Named after a seaplane that crashed off this coast in the 1930s, it's where Bruce's camp is and what he reckons is "the best waterhole on the coast". It's probably the most perfect wild swimming spot I've seen: a deep green swimming hole the size of two Olympic pools side by side surrounded by walls of Kimberley sandstone, filled with water fresh enough to drink.

All afternoon we swam, jumped off rocks and played in the water like kids at a pool party, until it was time to walk back to the boat and head home to the lodge.

We had other day-trips: beach drives to see turtle nests and stone tools used by long-gone indigenous locals, a river cruise up the Berkeley, a little fishing (not my thing, but a drawcard for a lot of guests) and an amazing (and not very no-impact, I confess) heli-sunset trip to the nearest peak, Mt Casuarina. And there was still time to do nothing in scenic splendour back at the lodge occasionally.

Yours truly, loving her work
One morning during a sunrise beach walk, the dunes pink in the early morning light and the sea a limpid grey-green, I realised there was no washed-ashore rubbish, not even a speck of microplastic, thanks to a lack of sea traffic and favourable ocean currents. You can't say that about many beaches these days.

I really didn't want to leave, but Berkeley does even that well, giving us a "rock star" departure.

Our private twin-prop (for an hour)
After a last swim and a leisurely lunch Berkeley's owner, PJ, drove us down the red-earth road to the airstrip where we found our pilot leaning against his Piper Chieftain, both ready to go whenever we were.

Before I knew it, we were buckled in and speeding down that dusty runway, rewinding the tape to the start of our trip. Was it really only four days ago? Maybe it was all just a dream.


Berkeley River Lodge is open between March and November every year and villas start at $1488 per couple per night, including all meals and most activities. Plus air transfers from Kununurra or Darwin with Kimberley Air Tours, best booked through the lodge.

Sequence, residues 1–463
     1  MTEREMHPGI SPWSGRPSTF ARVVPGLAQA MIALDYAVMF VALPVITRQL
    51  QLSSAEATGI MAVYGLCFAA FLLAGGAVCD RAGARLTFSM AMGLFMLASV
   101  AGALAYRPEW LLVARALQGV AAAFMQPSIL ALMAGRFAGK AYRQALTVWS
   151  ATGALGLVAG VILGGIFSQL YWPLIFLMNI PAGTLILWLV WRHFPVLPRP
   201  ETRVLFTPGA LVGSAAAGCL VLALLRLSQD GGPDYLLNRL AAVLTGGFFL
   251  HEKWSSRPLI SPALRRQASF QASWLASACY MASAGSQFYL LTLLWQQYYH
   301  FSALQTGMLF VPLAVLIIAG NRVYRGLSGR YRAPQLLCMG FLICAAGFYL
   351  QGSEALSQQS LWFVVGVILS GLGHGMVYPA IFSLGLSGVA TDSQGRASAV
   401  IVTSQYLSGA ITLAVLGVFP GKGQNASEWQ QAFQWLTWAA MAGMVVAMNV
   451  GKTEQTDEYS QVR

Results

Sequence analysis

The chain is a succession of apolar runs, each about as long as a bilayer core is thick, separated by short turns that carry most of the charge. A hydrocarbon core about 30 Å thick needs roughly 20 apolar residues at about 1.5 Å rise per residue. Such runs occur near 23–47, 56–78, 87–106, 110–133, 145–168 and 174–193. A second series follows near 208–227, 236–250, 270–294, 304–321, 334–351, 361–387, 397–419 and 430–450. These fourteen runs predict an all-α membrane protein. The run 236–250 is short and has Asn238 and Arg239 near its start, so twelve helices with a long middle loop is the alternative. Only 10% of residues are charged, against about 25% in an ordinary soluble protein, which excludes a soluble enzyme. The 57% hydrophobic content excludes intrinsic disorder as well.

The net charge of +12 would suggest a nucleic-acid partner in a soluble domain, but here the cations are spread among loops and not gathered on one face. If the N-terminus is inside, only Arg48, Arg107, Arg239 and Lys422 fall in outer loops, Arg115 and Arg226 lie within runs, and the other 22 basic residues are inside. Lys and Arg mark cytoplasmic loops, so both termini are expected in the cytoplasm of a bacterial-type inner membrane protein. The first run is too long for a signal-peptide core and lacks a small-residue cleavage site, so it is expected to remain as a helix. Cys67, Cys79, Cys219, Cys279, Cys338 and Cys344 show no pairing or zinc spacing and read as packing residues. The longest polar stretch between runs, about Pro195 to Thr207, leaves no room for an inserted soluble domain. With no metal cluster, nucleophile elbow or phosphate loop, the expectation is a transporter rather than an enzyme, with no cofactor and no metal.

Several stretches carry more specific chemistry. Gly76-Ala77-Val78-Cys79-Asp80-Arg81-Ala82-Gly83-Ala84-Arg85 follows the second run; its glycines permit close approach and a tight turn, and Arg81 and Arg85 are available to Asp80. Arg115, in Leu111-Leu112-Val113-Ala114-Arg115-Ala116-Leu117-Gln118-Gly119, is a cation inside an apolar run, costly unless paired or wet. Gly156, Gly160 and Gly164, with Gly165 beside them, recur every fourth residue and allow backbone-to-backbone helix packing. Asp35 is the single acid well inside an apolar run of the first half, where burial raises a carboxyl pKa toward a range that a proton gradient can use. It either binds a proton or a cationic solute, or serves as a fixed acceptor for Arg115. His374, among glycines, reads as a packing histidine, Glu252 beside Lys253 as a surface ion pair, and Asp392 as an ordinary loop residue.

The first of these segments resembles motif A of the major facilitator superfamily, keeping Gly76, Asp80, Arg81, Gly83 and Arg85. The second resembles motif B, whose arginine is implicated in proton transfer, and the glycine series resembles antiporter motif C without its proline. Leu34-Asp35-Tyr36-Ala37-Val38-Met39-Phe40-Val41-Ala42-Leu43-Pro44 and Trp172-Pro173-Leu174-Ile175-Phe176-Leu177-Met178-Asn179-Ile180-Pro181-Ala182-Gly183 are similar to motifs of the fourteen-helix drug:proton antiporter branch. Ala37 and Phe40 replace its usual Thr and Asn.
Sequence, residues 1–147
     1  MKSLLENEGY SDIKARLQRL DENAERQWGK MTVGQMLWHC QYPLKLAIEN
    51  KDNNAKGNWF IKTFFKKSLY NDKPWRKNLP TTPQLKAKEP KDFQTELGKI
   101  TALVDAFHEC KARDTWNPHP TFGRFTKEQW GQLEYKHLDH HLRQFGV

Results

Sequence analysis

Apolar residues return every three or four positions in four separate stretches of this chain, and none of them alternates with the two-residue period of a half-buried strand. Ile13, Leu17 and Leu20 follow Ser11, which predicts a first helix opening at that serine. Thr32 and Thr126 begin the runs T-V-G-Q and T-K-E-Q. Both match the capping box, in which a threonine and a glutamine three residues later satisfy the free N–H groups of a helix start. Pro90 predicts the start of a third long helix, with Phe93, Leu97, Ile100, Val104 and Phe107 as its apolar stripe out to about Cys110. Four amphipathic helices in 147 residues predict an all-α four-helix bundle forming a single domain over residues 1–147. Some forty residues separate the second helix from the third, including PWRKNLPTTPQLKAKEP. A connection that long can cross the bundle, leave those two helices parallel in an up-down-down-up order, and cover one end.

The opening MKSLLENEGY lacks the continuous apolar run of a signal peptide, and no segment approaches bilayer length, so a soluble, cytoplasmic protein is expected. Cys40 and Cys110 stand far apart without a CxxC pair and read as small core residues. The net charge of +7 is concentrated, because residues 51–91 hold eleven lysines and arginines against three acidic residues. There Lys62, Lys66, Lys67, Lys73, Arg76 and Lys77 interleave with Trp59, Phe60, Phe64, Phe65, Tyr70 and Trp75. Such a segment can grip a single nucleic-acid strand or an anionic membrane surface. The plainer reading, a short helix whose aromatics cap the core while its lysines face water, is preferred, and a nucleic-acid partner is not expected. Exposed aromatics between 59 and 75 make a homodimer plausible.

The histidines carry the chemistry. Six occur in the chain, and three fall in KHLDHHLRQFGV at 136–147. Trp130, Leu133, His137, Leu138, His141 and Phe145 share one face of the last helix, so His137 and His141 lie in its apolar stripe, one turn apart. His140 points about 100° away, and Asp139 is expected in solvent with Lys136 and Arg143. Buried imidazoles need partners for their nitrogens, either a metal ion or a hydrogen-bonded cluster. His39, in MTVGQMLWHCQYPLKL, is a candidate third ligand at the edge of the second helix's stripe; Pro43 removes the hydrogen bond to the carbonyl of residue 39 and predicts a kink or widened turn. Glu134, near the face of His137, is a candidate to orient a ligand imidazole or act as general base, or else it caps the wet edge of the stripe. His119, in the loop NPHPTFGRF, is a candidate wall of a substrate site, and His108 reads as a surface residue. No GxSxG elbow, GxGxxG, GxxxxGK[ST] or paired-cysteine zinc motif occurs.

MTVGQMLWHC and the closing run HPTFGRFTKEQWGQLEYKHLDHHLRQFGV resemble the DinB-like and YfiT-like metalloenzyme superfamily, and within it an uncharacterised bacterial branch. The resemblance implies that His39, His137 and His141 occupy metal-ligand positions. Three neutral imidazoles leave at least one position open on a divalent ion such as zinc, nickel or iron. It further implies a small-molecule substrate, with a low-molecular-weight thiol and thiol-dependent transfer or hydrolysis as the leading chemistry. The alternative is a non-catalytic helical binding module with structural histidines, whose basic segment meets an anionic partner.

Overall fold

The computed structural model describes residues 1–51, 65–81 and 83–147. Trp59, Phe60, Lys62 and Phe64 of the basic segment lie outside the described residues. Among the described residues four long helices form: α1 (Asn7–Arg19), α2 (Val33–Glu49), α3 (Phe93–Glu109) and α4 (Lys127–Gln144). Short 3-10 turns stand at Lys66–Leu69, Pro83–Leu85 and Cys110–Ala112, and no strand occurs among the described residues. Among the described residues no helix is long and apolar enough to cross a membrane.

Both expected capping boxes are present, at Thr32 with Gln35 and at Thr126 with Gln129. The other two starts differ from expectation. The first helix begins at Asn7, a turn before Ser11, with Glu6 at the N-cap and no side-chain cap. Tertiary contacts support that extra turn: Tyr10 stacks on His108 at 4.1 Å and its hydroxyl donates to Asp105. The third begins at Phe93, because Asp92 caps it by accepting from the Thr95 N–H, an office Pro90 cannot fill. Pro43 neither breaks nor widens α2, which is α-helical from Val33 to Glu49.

Big thanks to Berkeley River Lodge and Tourism WA for an incredible experience in a must-see part of Australia and to Fairfax Traveller for the assignment (I didn't really forget I was working. Well, not often).

Monday, 26 September 2016

Outback mountains: Walking the Larapinta

My favourite assignments are the outdoor ones. Like the six days I spent recently on the Larapinta Trail in Central Australia, in the Northern Territory.

Ridge with a view, day one
It was a week of connecting the dots between swimming holes and shaded gorges in the West MacDonnell Ranges. We slept in swags (in tents or under the full moon), ate fine meals prepared over campfires by our multi-talented World Expeditions guides and slowed life down to the pace of a stroll.

I love the simplicity of walking across a landscape like this, noticing things you'd miss travelling any other way, but the surprise highlight of the trip was how mountainous Central Australia is.

Here's an excerpt from my story that ran in Fairfax Traveller in The Sydney Morning Herald (and other Fairfax publications) this month, or click here to read it all:

Namatjira Dreaming
Waking up at 2am to climb a mountain by torchlight is not something you expect to be doing in the dusty, red-earthed middle of Australia. Yet here I am, with 12 others and our guides, walking in silent single file in the dark to reach Mount Sonder’s 1350-metre summit by sunrise.

Rocky road: red earth &
an outback-blue sky
It’s not the only mountain-moment on this six-day Larapinta trek. All week as we walk west from Alice Springs through West MacDonnell National Park, we travel not across this semi-arid landscape, but up and down it.

It starts on day one when we amble up the back of an escarpment and suddenly find ourselves on Euro Ridge, facing a precipitous drop and forever views – of neighbouring ranges running roughly east-west, all part of the West MacDonnell Ranges.

Who knew Central Australia – beyond the monoliths of Uluru and Kata Tjuta, 400 kilometres to the southwest – could be so mountainous? Read on